"Hello? I'm opening the door, if you want to stop what you're doing and put your clothes on!"
(Spoilers.) Another one of those films that is hard to either hate or to like because there are so many reasons to do both.
After a slew of high-budget flops, Carpenter returned to his low-budget roots for this bodycount horror film that liberally steals aspects from films as diverse as Five Million Years to Earth (1968 / trailer) and Demons (1985 / trailer), not to mention countless other zombie and kill-by-number movies. (That Carpenter owes something to Five Million Years to Earth is underscored by the fact that he credits the movie's script to "Martin Quatermass," a direct reference to the main character of the Hammer film and the English television series it was based on.) Peppered with all sorts of quantum physics and religious mumbo-jumbo and featuring a flawed narrative from beginning to end (not to mention a group of unlikable non-characters with horrible 80s blow-dried haircuts), what works the best in this film is its low-budget atmosphere and the cheap tension that mounts as the next would-be victim approaches his or her unavoidable doom.
Featuring what may be the longest opening credits sequence in the history of films, The Prince of Darkness also features one of the few times in which Carpenter's music actually helps build tension. True, it is basically the exact same dirge that he has used in every other horror or science fiction film that he has yet made and scored, but for some unexplainable reason it doesn't annoy as much as normal.
In one way, The Prince of Darkness is almost the flipside of They Live! (1988 / trailer), Carpenter's project the next year, another film which also featured a large amount of homeless people. Unlike They Live!, however, in which the homeless are good people repressed as the result of an alien invasion, in The Prince of Darkness the homeless are presented as all being minions of evil. The film got a bit of publicity out of the fact that Alice Cooper is featured as one of the evil street schizos, but he never really does anything other than stare gap-mouthed at the church or impale one or two faceless victims.
Whereas Five Million Years to Earth features an ancient spaceship that releases evil unto the world once discovered, The Prince of Darkness has an old canister of green ooze that slowly releases evil unto the world. In Demons and Demons II (1986 / trailer) there were infectious body fluids that changed the people into evil critters (an idea that became a staple to horror films as of The Night of the Living Dead [1968 / trailer] at the latest), in The Prince of Darkness there is either infectious, spurting ooze or projectile puking. The canister, from which the evil first oozes, hidden from the public in a church in downtown Los Angeles for thousands of years (!) by The Brotherhood of Sleep, a once super-powerful secret society within the church (so secret that it is even unknown to the Pope), is discovered by Father Loomis (Donald Pleasence) when the last of the Brotherhood dies. Loomis calls in quantum physics professor Edward Birack (Victor Wong of Big Trouble in Little China [1986 / trailer] and Tremors [1990/ trailer]) to study the thing, who in turn drags in some dozen students and other people for the weekend. Of course, in no short time the ooze decides to ooze out and one by one the bodycount grows as the various idiots wander around alone and get puked on.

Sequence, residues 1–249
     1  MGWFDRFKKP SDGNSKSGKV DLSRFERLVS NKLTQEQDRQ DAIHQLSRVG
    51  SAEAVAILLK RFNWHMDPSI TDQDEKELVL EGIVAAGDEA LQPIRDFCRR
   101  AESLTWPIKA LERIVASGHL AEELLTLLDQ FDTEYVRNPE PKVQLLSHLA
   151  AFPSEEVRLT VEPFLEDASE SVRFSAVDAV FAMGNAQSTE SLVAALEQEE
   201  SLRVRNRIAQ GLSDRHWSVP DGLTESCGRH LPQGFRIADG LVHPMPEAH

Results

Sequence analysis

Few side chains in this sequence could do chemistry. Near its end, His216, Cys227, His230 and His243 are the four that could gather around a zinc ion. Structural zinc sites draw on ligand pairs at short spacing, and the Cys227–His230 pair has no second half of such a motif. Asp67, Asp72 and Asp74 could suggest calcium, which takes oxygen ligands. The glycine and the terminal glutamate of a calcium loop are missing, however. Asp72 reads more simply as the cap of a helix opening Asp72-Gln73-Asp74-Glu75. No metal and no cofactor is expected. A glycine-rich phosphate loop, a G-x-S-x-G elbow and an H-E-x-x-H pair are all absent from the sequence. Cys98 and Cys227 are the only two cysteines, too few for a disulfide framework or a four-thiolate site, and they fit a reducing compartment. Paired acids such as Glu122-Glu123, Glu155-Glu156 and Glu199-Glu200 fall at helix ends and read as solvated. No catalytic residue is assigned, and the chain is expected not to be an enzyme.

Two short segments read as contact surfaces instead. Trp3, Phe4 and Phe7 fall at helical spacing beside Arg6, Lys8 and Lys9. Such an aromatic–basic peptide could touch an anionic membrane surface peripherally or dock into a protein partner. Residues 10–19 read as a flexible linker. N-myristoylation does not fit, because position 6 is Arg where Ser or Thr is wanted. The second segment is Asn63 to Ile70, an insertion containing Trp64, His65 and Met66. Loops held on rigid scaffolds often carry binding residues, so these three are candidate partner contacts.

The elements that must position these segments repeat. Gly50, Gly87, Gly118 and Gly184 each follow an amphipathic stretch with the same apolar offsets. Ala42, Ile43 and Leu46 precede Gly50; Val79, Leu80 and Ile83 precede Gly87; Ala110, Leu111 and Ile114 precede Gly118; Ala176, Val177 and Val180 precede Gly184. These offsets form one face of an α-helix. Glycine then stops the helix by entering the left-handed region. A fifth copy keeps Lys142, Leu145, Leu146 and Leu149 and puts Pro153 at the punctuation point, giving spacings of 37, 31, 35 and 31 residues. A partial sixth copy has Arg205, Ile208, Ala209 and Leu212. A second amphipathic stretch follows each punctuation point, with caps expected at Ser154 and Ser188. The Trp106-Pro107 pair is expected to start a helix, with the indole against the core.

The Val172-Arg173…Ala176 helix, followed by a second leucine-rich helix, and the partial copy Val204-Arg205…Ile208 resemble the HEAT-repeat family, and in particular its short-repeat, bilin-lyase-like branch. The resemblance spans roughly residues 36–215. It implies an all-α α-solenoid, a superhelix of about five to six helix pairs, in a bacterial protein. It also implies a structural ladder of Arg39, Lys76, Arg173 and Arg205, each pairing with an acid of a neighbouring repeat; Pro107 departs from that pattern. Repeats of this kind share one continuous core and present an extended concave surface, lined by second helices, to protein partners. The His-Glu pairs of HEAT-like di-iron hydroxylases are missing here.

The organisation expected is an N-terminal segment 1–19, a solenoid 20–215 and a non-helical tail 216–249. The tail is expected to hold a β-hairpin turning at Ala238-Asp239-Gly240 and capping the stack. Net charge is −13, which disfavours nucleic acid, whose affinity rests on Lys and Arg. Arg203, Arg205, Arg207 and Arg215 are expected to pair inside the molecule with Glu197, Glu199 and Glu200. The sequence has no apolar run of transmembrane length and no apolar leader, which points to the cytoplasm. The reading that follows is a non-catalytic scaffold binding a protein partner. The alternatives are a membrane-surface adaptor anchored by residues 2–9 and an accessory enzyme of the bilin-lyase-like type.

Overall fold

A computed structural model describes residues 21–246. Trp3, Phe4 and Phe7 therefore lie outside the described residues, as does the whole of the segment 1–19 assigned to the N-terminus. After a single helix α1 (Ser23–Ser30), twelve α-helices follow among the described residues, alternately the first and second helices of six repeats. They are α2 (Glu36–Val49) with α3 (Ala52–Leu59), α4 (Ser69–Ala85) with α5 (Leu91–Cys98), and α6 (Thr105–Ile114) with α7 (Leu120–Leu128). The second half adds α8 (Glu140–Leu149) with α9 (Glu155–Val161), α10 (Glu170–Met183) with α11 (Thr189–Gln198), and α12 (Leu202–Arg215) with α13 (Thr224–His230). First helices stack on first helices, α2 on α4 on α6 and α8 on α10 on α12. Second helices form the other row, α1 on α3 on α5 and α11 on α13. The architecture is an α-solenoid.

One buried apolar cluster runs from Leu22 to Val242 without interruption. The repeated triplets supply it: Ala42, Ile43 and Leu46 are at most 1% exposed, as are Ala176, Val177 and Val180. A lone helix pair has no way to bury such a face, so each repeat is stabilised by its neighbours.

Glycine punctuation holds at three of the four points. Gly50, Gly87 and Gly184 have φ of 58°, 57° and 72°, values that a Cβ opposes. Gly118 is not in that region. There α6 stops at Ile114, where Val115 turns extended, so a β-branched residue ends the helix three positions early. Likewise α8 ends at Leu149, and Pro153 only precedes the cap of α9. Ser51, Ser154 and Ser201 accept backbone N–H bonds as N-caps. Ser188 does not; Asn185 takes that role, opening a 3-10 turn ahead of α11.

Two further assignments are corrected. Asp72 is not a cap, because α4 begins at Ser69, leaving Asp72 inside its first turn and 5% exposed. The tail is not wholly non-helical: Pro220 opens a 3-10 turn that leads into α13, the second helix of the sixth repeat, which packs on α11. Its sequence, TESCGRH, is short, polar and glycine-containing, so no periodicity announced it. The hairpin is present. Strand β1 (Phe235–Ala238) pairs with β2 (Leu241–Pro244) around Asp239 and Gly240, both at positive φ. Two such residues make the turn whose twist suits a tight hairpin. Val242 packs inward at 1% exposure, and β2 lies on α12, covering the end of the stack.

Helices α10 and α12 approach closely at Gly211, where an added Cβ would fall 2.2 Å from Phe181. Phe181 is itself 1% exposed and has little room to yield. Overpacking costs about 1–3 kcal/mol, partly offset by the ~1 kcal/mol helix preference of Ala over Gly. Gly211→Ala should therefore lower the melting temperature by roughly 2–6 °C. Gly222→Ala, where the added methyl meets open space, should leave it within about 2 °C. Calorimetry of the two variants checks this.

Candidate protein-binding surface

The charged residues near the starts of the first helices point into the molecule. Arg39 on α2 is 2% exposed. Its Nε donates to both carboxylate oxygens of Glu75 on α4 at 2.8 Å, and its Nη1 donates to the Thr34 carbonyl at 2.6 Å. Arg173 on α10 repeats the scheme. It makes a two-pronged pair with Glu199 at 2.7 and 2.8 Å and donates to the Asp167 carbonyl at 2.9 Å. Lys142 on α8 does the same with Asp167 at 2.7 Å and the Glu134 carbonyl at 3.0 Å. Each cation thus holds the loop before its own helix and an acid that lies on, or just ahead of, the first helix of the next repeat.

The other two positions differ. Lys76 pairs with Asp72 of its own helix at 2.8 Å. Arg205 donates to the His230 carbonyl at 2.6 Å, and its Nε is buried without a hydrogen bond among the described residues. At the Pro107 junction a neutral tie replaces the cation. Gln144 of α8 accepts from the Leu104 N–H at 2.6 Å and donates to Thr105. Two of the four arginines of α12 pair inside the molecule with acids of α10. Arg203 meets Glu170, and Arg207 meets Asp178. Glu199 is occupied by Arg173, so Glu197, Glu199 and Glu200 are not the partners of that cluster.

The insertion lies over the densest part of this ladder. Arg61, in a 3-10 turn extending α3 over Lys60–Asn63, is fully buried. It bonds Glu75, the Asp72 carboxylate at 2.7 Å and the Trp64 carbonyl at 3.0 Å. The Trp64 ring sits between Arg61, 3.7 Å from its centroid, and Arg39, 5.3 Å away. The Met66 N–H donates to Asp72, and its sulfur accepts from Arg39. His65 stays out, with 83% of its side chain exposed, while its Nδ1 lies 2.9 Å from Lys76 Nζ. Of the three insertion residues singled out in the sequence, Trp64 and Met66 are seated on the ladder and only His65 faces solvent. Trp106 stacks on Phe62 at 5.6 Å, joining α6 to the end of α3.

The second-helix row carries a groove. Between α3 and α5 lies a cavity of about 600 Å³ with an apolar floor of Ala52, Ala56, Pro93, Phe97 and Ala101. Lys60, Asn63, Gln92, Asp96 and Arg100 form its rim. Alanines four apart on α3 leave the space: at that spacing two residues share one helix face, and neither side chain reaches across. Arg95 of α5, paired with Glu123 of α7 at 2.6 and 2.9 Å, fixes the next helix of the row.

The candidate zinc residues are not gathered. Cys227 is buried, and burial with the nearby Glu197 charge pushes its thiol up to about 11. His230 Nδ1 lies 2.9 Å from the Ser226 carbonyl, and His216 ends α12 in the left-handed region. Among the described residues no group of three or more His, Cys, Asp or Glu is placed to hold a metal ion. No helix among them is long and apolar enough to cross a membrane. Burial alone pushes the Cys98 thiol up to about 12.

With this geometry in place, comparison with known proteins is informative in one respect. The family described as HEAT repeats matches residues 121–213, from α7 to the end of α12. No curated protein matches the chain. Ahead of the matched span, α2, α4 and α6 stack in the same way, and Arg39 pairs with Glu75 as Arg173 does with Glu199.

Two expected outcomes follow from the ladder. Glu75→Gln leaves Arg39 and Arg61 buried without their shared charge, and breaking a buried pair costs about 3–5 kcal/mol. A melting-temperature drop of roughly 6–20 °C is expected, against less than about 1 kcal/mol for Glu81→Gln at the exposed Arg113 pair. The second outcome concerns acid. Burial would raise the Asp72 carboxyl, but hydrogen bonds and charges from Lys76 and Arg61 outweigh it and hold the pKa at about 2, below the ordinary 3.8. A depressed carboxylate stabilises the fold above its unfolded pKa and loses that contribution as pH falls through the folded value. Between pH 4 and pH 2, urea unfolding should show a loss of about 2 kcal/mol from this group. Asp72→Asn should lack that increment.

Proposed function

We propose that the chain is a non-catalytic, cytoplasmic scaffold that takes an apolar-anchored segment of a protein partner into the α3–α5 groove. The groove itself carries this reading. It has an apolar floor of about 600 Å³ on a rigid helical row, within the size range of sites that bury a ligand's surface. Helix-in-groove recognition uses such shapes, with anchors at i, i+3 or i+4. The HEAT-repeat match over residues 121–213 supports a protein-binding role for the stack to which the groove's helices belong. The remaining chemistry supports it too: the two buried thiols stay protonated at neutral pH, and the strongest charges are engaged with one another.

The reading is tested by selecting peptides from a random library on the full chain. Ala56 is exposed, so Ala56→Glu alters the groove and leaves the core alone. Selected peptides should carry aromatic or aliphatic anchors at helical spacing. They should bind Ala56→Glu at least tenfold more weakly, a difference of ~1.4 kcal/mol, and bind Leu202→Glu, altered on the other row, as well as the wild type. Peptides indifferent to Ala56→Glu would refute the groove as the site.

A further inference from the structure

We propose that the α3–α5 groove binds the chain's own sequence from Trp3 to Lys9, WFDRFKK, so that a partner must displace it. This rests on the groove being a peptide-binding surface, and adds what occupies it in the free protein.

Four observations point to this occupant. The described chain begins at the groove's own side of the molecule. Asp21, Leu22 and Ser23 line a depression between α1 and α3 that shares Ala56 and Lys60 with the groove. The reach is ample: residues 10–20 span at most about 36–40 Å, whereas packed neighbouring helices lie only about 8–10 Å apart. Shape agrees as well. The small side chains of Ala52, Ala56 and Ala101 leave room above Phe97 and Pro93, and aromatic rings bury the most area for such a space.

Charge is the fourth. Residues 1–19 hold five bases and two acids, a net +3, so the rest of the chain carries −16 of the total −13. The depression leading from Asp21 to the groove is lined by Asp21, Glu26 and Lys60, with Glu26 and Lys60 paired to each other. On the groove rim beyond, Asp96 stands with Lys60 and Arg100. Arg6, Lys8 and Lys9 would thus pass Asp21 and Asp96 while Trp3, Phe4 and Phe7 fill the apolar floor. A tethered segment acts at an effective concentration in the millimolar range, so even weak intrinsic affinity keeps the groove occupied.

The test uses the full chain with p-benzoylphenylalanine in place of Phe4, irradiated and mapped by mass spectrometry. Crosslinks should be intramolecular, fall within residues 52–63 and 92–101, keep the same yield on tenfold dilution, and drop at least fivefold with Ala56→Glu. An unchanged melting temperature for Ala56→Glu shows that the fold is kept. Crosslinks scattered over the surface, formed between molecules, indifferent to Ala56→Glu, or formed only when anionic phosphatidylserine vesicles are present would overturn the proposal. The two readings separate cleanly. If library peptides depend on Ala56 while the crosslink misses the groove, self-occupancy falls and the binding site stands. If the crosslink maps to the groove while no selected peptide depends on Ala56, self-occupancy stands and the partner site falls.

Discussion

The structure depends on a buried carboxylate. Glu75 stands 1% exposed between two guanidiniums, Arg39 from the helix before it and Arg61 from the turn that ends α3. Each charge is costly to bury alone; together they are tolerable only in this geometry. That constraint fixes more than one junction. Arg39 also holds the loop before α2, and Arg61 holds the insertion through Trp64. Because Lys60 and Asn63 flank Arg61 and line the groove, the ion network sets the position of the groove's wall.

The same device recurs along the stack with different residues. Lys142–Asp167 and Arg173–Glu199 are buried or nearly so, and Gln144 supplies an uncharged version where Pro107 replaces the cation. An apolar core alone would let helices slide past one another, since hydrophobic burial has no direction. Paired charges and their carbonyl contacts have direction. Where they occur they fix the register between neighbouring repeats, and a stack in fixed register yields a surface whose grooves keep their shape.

Kelly (Susan Blanchard) is the chosen one who gets to swallow the whole canister and thus become the blood and pustule encrusted entity needed to release the all-powerful evil one from his imprisonment. Brian Marsh (Jameson Parker of White Dog [1982 / trailer]) is the film's nominal hero, but he does relatively little other than make the viewer wish that he would die. Catherine (Lisa Blount of Blind Fury [1989/ trailer] and Dead & Buried [1981/ trailer]) is Brian's nominal love interest who ends up sacrificing herself so as to save the world. But wait! Was her sacrifice in vain? Another typically open ending is tagged on as a last scene so as to let the viewer decide for themselves...
If your New Age mom is into quantum physics then The Prince of Darkness is the film for her, though it probably presents the subject in a light she never really thought about. Other people might like the tastelessness of watching infectious projectile puke flying into the open mouths of various would-be zombies of evil, or the sight of one particularly unimportant and instantly expendable character (Robert Grasmere as "I have two lines in the whole movie" Wyndham) get eaten by beetles. Once Kelly gets her stomach full of ooze, her gradual development into an unstoppable evil is rather scary (primarily because we are forced to watch it along with some character locked in the closet of the room), and how she keeps replacing her head every time Father Loomis chops it off with an ax is also fun to watch. Just try to ignore the thousands of candles lit by nobody, the people walking around alone and stupidly ignoring all the strange things going on, an ignored bruise that is too obviously not a simple bruise to ignore, a girl who stares at an obviously unnatural phenomena instead of running from it, some brainless concept about dreams being a message from the future and the various other flaws in the story.
The Prince of Darkness is definitely no masterpiece, but for a low-budget film it delivers its cheap wares more than effectively. It'll scare the shit out of your kid brother, if he can make it through the quantum physics shit without getting bored. It's definitely better than the Italian version of the story that came out the next year, Michele Soavi's La Chiesa (aka The Church or Demons III [1989 / trailer]).